It is pretty obvious that employees are a business’ important asset. This drives organisations to seek new and effective ways to build data-driven decision making in order to recruit, manage, and retain their best talents.
Talent management refers to the process that facilitates the identification, development and engagement, deployment of employees who are of particular value to an organisation. It can also be described that talent management is the implementation of integrated strategies or systems designed to increase workforce productivity. With the current competitive work environment, talent management is a drive for organisational success as it helps enable business to meet business talent demands which are vital for the global market. Likewise, organisations that manage their human capital more effectively and efficiently are more likely to attain their organisational goals and objectives. These organisations are also more likely to have a sustainable organisational performance.
The way to achieve efficient and effective talent management is rather difficult. According to Rop and Kwasira’s study, the growth and success of talent management rely on positioning the right employees who possess the right skills in the right place at the right time where they (talented employees) are viewed as the main resources of an organisation. These employees are also the ones who are believed to have sustainable competitive advantages and prominent performance. But, talented employees form only 3-5 percent of all employees in an organisation.
AI and technology come into play which both help ease and create more complexity to HR tasks amidst rapid pace of change in the world of work. The rapid change also creates so much unpredictability in markets where employees might not be able to easily draw from the past in order to know what to do in the future. Employees will be expected to creatively leverage new technologies in ways that cannot be anticipated or understood.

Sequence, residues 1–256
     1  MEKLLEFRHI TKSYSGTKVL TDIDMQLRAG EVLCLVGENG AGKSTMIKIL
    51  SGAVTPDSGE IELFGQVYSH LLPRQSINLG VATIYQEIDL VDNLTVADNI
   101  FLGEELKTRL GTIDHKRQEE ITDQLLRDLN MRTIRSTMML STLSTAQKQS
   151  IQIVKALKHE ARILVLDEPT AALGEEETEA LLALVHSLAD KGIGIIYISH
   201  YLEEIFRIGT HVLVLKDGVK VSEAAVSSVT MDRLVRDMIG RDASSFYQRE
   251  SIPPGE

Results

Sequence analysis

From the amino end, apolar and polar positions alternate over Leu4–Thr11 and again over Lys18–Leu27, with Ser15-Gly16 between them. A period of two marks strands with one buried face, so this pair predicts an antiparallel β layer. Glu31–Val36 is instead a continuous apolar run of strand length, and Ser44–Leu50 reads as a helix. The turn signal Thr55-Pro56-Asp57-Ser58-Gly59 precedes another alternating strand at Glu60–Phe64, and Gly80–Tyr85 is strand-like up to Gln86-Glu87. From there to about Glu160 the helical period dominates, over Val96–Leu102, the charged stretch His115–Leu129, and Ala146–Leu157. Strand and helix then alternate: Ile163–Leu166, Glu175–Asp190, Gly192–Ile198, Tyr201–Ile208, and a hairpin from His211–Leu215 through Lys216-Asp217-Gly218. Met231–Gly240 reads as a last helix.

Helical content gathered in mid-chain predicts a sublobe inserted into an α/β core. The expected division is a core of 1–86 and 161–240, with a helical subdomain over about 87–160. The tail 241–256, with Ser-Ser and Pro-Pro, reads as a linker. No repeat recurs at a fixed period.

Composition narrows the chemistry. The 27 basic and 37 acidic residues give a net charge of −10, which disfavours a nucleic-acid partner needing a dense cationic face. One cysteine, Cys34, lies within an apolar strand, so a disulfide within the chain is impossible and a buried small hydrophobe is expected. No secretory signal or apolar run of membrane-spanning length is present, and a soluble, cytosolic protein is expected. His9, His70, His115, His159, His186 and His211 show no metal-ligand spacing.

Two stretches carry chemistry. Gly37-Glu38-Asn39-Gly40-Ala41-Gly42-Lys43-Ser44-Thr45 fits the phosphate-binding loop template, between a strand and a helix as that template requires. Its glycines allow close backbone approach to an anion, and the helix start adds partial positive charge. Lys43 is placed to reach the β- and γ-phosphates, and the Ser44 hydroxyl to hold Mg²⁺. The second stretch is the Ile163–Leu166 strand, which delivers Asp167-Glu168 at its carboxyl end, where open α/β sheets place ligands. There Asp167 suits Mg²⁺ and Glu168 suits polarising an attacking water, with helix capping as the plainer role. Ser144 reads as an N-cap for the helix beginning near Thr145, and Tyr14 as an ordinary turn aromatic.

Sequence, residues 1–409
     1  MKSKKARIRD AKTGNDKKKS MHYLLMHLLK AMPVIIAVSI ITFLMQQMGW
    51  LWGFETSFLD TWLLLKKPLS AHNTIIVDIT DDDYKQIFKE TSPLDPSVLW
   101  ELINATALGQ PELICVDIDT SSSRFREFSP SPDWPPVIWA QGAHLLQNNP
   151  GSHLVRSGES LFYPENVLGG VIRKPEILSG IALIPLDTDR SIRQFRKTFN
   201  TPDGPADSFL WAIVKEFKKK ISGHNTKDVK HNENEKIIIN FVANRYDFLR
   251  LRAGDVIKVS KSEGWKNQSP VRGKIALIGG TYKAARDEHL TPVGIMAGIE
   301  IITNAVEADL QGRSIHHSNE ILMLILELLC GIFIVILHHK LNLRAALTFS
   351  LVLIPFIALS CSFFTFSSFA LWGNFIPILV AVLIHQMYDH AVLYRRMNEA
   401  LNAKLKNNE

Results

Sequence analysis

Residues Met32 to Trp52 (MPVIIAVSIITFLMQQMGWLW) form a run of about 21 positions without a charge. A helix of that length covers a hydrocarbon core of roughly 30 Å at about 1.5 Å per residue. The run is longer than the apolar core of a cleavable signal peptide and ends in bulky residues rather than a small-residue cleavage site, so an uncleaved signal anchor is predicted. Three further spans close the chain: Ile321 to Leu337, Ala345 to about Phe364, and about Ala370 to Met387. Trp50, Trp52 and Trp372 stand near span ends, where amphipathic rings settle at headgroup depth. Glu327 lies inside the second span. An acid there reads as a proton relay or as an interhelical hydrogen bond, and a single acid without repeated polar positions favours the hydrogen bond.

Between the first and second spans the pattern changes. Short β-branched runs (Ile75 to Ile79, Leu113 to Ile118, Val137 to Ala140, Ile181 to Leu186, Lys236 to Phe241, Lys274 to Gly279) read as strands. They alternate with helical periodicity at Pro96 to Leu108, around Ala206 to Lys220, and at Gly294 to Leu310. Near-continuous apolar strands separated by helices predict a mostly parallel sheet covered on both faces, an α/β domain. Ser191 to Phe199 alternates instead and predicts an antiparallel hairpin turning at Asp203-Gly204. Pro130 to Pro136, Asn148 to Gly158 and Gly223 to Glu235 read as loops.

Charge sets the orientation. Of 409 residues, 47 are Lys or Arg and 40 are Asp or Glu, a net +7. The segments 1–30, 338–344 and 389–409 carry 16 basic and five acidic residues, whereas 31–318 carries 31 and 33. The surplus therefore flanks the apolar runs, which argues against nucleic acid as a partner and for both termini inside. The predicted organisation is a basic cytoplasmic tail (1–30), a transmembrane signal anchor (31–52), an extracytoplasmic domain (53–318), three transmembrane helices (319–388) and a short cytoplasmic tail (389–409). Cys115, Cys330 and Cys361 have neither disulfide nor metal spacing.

Another complexity comes from social and remote options that continuously become a necessity in today’s Covid-19 era. This option then pushes HR and companies to find ways to navigate teams to work together without losing touch of physical connection. In addition to this, generational mix is already changing how HR should approach their talent management program.
According to experts at HBR, employees identified in the high potential status have its downside too. For starters, there might be no tenure. People can easily fall off the list and some remove themselves voluntarily or by default because they do not have time or passion for the journey. Other employees might also get jealous for the high potential status their co-workers have, which might result in high workplace bullying and conflict.
The challenges above should impact the way HR teams think about talent. In particular, when it comes to leadership, hiring, talent development, and creating a culture of innovation. Fundamentally, great organisations need to start asking what people want from jobs, what their skills are, and bring these people together across the organisation. All generations want to find meaning in their work. Rather than stereotyping, HR teams should be asking how the company can use strengths and how they can bring diverse groups together to provide creative solutions.
Finally, the value HR needs to pump again into talent identification process is to focus on the following points: